Cryptococcal meningitis in a patient with undiagnosed HIV infection


Authors: K. Povolná 1;  S. Snopková 1;  P. Husa 1;  Z. Čermáková 2;  M. Freibergerová 1;  R. Pařízková 1;  M. Šnelerová 1;  A. Hajná 1
Authors‘ workplace: Klinika infekčních chorob Lékařské fakulty MU a FN Brno Přednosta: prof. MUDr. Petr Husa, CSc. 1;  Klinika biochemie Lékařské fakuty MU a FN Brno Primář: doc. MUDr. Milan Dastych, CSc. 2
Published in: Prakt. Lék. 2008; 88(11): 654-656
Category: Case Report

Overview

Cryptococcus neoformans is an opportunistic pathogen, which affects individuals who are severely immunosuppressed for any number of reasons. Before the introduction of antiretroviral therapy and antimycotic Fluconazole this pathogen had occurred in 10 % of patients with advanced HIV infection. Nowadays, this disease primarily affects patients with so far undiagnosed, thus untreated, severe immunosuppression. The patient outlined here presented with so far undiagnosed HIV infection, nevertheless, patients can be affected following severe induced immunosuppression - particularly following transplantation. The disease is typified by a gradual onset of non-specific symptoms. Often, a headache or a temperature can be the only manifestation of the disease. For this reason, a delay can frequently occur in diagnosing patients with undiagnosed immunosuppression. The diagnosis is verified by confirmation of the pathogen by latex agglutination of cryptococcal capsular antigen and by cultivation. Amphotericin B is the first-choice therapy. Relatively frequent side-effects are the reason for the change of therapy to the less effective Fluconazole. Sensory dysfunction and impaired consciousness are two of the unfavourable prognostic factors that were noticed in the presented patient. The prognosis of the disease is always severe, and in spite of properly introduced therapy, the mortality rate is 10 %. Relapses and the latent survival of the pathogen in the prostate gland are possible.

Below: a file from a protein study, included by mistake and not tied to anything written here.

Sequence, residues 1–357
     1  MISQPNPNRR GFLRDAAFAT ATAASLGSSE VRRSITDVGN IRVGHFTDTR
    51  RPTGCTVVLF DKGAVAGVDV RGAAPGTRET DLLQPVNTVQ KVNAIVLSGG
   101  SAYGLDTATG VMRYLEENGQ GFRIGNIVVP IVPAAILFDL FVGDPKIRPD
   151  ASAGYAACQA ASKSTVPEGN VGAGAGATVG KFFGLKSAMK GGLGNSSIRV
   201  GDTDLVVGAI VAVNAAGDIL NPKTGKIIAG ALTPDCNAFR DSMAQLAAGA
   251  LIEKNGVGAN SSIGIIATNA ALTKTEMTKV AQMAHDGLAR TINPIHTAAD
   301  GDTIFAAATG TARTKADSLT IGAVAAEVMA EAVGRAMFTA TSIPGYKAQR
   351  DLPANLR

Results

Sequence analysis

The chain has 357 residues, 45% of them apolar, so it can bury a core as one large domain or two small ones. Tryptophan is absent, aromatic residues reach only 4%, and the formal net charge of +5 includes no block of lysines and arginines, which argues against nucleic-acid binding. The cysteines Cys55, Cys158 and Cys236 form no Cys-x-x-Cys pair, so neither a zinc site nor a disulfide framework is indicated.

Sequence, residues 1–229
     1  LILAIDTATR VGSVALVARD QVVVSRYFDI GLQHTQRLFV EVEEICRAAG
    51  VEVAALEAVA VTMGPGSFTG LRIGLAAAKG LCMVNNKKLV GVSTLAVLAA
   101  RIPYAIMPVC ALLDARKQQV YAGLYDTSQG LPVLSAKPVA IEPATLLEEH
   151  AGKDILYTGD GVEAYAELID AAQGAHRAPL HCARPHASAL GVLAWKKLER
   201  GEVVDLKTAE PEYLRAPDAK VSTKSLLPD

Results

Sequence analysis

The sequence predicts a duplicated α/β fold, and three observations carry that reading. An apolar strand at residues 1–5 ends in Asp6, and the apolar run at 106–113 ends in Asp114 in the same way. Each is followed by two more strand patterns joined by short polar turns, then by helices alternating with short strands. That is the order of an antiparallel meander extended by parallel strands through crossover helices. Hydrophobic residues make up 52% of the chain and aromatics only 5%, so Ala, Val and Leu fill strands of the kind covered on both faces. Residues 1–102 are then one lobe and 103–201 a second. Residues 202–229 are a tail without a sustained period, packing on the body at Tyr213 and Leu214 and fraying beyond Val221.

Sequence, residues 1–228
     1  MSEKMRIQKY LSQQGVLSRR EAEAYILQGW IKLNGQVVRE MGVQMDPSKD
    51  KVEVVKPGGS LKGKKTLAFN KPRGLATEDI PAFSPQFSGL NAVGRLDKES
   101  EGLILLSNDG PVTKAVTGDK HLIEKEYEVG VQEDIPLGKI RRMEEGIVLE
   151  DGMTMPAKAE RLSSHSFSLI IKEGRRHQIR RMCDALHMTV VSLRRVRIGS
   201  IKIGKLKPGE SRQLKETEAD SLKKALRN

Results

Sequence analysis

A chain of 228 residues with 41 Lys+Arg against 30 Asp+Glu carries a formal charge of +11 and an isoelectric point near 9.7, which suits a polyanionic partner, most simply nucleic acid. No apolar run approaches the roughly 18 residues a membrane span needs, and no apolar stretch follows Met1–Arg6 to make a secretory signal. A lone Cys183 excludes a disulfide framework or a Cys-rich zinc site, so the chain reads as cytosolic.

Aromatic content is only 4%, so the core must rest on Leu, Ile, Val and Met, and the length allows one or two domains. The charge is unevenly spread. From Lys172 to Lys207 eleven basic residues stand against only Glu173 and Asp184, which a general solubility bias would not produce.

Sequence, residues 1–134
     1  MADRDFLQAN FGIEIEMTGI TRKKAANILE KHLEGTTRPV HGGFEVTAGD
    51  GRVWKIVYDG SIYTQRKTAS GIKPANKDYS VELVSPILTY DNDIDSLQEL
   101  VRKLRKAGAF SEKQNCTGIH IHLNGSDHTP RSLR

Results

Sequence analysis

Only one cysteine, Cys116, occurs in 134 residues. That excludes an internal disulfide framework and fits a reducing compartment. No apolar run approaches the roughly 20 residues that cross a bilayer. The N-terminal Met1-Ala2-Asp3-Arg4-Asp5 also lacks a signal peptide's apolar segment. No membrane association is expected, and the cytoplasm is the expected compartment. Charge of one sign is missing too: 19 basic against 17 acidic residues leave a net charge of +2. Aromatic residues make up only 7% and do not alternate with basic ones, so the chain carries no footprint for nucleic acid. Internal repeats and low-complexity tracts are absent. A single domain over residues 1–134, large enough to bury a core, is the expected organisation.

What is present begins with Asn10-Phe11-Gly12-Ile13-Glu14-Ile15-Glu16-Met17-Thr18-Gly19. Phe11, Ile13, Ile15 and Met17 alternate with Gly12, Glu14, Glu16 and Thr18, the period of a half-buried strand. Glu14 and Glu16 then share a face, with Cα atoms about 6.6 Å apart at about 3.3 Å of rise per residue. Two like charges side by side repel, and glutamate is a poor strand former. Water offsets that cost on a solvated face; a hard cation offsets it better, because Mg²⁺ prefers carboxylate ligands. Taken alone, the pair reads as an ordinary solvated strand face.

Key words:
Cryptococcal meningitis, Cryptococcus neoformans, immunosuppression, HIV infection.


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Labels
General practitioner for children and adolescents General practitioner for adults
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